Pankaj Mohindroo,  President, Indian Cellular Association

With the government laying emphasis on indigenous production through its ‘Make in India’ campaign, we are trying hard to push domestic electronics manufacturing, says Pankaj Mohindroo, President, Indian Cellular Association, in an interaction with Gautam Debroy of Elets News Network (ENN)

What is the role of Indian Cellular Association?

Our agenda is to fuel the growth of Indian electronics market, improve competitiveness and help in creating a legal and ethical market in regulating environment. We intend to push growth in the manufacturing sector, in line with ‘Make in India’ and ‘Digital India’ campaigns. We ensure that the fruits of mobile connectivity reach the masses.

How do you find the environment since announcement of initiatives like ‘Make in India‘ and ‘Digital India’ by the Narendra Modi Government?

To some extent, things have got accelerated. The National Policy on Electronics is not a recent document; it came into being about two years back, and that is the foundation of building electronics industry in India. Further, we have also been working with various State Governments like Uttar Pradesh, Karnataka, Andhra Pradesh, Gujarat, Maharashtra, Rajasthan, etc., to build their State policies.

In fact, after collecting inputs from the members and global players, we have given a lot of suggestions to the UP Government on what kind of policies they should have in place. The UP Government also did some round-table discussions on that. However, there are still a few last-mile hitches, which need to be overcome.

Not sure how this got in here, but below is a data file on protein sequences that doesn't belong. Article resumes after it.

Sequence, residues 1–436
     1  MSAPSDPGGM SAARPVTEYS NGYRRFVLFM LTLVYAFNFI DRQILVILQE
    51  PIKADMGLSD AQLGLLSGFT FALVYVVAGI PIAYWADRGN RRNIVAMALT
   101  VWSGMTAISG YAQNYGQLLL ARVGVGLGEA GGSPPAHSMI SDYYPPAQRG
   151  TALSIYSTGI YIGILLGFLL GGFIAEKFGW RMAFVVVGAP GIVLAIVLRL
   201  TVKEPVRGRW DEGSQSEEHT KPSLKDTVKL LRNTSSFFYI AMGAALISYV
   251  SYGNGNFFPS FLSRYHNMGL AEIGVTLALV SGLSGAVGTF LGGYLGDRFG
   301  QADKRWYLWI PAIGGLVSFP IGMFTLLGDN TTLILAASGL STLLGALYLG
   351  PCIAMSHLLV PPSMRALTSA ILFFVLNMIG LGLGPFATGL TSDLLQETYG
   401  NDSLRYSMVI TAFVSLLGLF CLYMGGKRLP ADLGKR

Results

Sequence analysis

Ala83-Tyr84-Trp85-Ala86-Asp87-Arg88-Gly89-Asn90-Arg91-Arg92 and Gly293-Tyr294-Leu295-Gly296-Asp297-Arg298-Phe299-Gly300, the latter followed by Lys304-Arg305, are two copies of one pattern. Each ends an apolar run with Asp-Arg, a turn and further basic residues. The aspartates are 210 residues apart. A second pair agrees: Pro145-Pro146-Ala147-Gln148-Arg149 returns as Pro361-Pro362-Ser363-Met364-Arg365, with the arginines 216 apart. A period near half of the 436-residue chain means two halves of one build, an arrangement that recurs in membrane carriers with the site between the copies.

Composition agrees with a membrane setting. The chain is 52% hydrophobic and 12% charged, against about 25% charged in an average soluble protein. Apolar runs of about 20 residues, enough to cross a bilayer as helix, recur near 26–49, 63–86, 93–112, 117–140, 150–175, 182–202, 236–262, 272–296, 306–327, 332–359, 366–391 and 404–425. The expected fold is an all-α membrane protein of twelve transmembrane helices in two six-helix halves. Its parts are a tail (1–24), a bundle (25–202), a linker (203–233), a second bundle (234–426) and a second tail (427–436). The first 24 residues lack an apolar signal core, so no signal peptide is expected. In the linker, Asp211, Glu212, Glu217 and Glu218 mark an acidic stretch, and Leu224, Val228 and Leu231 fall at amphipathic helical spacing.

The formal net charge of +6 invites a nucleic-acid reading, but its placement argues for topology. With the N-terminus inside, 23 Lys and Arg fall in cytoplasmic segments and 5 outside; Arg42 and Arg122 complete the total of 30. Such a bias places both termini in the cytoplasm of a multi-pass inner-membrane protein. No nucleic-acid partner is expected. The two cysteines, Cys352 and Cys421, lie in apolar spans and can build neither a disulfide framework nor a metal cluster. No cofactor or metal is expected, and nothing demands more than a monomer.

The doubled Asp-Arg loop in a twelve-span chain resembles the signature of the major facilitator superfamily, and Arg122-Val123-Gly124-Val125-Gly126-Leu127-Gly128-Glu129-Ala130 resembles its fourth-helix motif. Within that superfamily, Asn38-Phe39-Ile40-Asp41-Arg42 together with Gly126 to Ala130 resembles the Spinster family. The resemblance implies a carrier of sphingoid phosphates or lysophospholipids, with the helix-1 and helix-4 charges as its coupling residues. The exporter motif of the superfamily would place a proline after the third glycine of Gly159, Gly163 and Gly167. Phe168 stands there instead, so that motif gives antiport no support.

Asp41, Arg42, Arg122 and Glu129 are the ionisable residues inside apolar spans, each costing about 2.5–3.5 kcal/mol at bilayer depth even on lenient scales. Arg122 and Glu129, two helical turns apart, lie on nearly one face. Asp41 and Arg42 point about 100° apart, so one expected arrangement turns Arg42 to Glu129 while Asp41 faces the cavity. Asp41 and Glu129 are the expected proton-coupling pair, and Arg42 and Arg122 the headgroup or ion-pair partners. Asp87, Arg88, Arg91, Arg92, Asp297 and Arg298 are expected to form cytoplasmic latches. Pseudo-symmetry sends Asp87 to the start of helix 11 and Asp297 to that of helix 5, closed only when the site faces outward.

We have suggested that we should not be looking at VAT (Value Added Tax) refund, instead we should look at its retention. It will encourage more investment, because the process of taking refunds is a painful one and mired in the bureaucratic system.

How well is Uttar Pradesh performing with regard to cellular services business?

That is a different subject. We are talking on electronics manufacturing. Local environment is one based on factors. When one starts manufacturing, one manufactures for the whole country and then for the whole world. The atmosphere in Uttar Pradesh is quite congenial. In fact, Uttar Pradesh is one of the six shortlisted States that we have marked for electronics manufacturing.

Currently, which are the sectors that the Central Government should concentrate to promote electronics business?

I think the rural India has very little penetration, both in terms of cellular as well as broadband services. Broadband services are not available even in several parts of urban India. So, that clearly should be the prime focus area.

What are your views on the ‘Make in India’ concept?

We are completely devoted to it. Even the fast-track task force that has been set up has very aggressive terms of reference. We have a task of setting up mobile phones manufacturing units for 500 million phones, which is an industry of around `3 lakh crore.

How do you find the idea of FDI in electronics manufacturing sector?

100 per cent FDI is already allowed in electronics manufacturing in India. We have to just encourage people and build the brand India and electronic brand India and take it forward.

Can India compete with China in the electronics sector?

China is a much bigger economy than us. We are a $2 trillion economy, while they are an economy of $10 trillion. We should forget about China as we are not going to catch up with a country like that. We should do it at our own pace and with our own strength. We missed the bus, as far as catching up with China is concerned…unless China collapses!

Do you think that India still has the capability to get visibility in the world electronics manufacturing market?

Yes, we can do it. We will definitely grow substantially and Chinese will get out of some of the products, and that market will be available to us.


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